• In what ways does your company use technology to
    its advantage?
  • How familiar and agile are your employees with
    technology?
  • Are there people at your company who already use
    social media applications in their personal
    lives?
  • In what ways do you currently communicate with
    your employees?
  • Does your company encourage and facilitate
    collaboration among employees? If so, how?

37
Strengths and Weaknesses
  • What role does continuing education and training
    play inside your company?
  • Are the managers, owners, or others in your
    business effective trainers and teachers? How
    often do they train or teach? What methods do
    they use?
  • Would you characterize your company as a fun
    place to work? On a 1 to 10 scale, with 10 being
    the highest score, what would you say is your
    companys Fun Quotient (FQ)?
  • What constitutes entertainment at your company?

38
Strengths and Weaknesses
  • Would you characterize your company as a creative
    company? On a 1 to 10 scale, with 10 being the
    highest score, what would you say is your
    companys overall creative score?
  • Are there people or groups within your
    organization who would rank especially high on
    the creative scale, say a 9 or 10? Do your most
    creative people tend to work in the same
    department or area?
  • Are you able to describe your business in the
    context of its content? Please explain.

39
Strengths and Weaknesses
  • What is your personal expertise? Do you believe
    that expertise is understood and recognized
    within your organization? What about the
    expertise of others at your company?
  • How many social media tools were you familiar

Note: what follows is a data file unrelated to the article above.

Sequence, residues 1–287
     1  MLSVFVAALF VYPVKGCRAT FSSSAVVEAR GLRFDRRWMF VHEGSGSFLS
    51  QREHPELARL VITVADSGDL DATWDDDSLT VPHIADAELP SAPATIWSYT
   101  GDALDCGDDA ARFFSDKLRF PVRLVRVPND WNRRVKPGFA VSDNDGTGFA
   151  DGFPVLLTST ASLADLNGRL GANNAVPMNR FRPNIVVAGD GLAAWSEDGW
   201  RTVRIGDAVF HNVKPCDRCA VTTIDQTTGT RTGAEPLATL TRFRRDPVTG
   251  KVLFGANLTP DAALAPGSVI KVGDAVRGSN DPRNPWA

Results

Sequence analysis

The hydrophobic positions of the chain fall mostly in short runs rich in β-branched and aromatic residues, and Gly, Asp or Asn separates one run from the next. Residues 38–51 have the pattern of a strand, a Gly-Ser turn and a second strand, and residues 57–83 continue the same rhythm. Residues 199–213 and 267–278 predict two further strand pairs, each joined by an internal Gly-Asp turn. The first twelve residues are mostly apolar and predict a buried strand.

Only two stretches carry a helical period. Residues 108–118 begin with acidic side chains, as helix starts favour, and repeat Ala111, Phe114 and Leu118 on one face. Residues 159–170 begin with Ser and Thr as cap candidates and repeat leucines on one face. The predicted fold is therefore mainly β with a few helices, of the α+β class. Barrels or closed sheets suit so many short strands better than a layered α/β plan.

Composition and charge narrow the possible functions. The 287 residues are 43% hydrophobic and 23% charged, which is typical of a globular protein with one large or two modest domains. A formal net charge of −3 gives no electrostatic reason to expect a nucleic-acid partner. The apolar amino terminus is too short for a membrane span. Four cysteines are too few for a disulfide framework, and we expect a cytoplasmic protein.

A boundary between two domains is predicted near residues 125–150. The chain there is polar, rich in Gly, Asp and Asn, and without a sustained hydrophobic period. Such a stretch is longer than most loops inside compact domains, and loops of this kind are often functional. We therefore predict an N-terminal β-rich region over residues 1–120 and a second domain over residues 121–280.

with when you completed the Social Media
    Awareness exercise? How does this compare to
    others at your company?
  • How many social media tools listed in the Social
    Media Awareness exercise have you used or do you
    currently use? How does this compare to others at
    your company?

40
Strengths and Weaknesses
  • Are you using social media tools for business or
    personal reasons? How does this compare with
    others at your company?
  • With respect to internal value, how many social
    media tools did your rate as a 3 or 4 on the Tool
    Scorecard Chart? How does this compare with
    others at your company?

41
Opportunities and Threats
  • What do your customers value most about your
    company? How do you know this? Do you have a way
    of measuring it?
  • What do your customers value the least about
    your company? How do you know this? Do you have a
    way of measuring it?
  • How familiar and agile are your customers with
    technology? If there is a gap between those who
    use technology effectively and those who dont,
    what might explain the gap?
  • Do you have customers who already use social
    media applications in their personal lives? If